It helps in the communication, in the treatment and therapy, it helps with how a person feels about themselves, really, because it’s not just that one person that is afflicted in whatever way, this is the way it is. So you can ease up and become more comfortable. People don’t want to be stigmatized or feel they’re being judged, being judgmental, so these questions have been put together in a way to make people be more relaxed and do the right thing for their health, for themselves, their families, and the public. That’s very important.
People in general, researchers, doctors, etc., were very accommodating to me. They didn’t have the information either, I was like, oh, this is special. It was basically that one time. That wasn’t too long ago, maybe two years ago, but no, I’ve always been approached with respect and people have valued my input, my information, my history. And uh, so, yeah. I like participating, because I also learn. I also learn about other people or ways or – life is a never ending [learn]. My dad always said, learn something new every day, even if it’s a word, you know?
Interviewer: That kind of leads me to the next question, because I was going to ask, you already said you’re learning, what are some of the benefits of being involved in the research, for yourself?
The benefits for myself is that I value the information I have given of myself to people that do need it. And, you know, there’s – I benefit that way. And, basically it’s just about being a human, giving human input, giving experience… and, well. The benefits. It’s just something I like. I like doing, I like being a part of, if it relates to me, if I could be valuable, yeah. That’s where I benefit from it.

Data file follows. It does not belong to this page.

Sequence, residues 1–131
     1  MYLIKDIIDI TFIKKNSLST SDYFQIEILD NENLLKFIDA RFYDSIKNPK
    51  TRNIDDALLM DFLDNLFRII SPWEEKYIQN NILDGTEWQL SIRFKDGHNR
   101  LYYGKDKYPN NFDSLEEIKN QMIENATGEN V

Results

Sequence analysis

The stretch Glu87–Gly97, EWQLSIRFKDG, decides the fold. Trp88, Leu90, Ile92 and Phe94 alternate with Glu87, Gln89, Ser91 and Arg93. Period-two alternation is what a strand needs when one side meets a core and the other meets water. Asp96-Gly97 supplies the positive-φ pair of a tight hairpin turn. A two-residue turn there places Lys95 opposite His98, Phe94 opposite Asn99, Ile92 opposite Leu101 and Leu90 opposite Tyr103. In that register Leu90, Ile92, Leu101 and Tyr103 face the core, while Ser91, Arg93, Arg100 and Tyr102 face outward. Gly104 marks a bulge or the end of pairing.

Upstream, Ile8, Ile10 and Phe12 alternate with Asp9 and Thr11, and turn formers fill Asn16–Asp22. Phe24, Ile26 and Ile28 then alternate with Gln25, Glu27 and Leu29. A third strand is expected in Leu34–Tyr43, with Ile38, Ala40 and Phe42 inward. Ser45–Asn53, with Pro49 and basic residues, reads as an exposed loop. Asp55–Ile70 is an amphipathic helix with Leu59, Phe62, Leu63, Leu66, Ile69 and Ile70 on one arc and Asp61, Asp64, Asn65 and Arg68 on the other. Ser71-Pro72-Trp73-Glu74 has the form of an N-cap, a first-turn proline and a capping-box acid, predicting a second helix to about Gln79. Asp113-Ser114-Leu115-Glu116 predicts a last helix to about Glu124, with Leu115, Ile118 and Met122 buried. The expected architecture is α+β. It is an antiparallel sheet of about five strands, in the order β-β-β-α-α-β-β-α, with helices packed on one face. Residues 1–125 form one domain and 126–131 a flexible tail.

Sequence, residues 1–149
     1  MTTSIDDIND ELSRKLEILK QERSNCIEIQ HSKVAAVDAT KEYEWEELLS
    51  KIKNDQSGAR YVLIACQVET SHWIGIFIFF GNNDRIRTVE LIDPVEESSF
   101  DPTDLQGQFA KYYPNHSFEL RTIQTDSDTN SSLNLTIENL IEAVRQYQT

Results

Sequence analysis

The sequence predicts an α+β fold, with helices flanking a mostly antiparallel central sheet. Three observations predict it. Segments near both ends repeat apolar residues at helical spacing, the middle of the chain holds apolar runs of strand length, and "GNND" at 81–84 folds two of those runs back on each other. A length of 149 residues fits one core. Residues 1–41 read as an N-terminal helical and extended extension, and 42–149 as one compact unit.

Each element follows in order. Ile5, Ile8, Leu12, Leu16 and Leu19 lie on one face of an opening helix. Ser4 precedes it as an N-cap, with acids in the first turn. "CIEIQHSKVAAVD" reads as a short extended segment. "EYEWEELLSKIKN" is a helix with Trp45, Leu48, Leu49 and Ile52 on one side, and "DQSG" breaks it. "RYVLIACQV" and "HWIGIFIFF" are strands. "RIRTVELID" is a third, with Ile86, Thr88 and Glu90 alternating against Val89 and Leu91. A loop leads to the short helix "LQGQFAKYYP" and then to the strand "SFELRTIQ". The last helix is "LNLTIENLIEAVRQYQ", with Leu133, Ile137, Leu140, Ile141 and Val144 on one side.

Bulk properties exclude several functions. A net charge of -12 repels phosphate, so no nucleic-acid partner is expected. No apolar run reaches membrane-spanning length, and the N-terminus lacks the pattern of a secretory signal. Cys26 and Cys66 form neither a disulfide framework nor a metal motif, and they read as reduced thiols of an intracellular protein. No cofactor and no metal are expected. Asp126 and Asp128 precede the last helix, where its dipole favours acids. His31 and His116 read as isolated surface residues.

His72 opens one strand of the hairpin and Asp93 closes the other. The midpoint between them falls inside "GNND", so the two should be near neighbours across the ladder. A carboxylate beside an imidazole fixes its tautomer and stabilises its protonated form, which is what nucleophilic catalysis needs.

To give the information and history that I personally have dealt with. And, so that it could be used in a beneficial way for others.
The benefits for myself is that I value the information I have given of myself to people that do need it. And, you know, there’s – I benefit that way. And, basically it’s just about being a human, giving human input, giving experience… and, well. The benefits. It’s just something I like. I like doing, I like being a part of, if it relates to me, if I could be valuable, yeah. That’s where I benefit from it. It’s not really the stipends we may receive really are not that great, you know. I’ve even told researchers, if it’s whatever topic, if it’s our commonality, why don’t you take us on as researchers, too? To do the research and development, setting it up into the system or dealing with like-minded people, people that have the same issues and that, because that also makes people more comfortable sometimes. Women, who do become pregnant and that, I’ve had women forwarded to me to give my input, you know? But a lot has to do with your lifestyle. Yes, you could have a child now being Human Immunodeficiency Virus (HIV) or Acquired immunodeficiency syndrome (AIDS), but you don’t do drugs, you consider your lifestyle and that – many times, if you want to be healthy, you have to live healthy, because what you put on or in your body will have an effect on your wellbeing.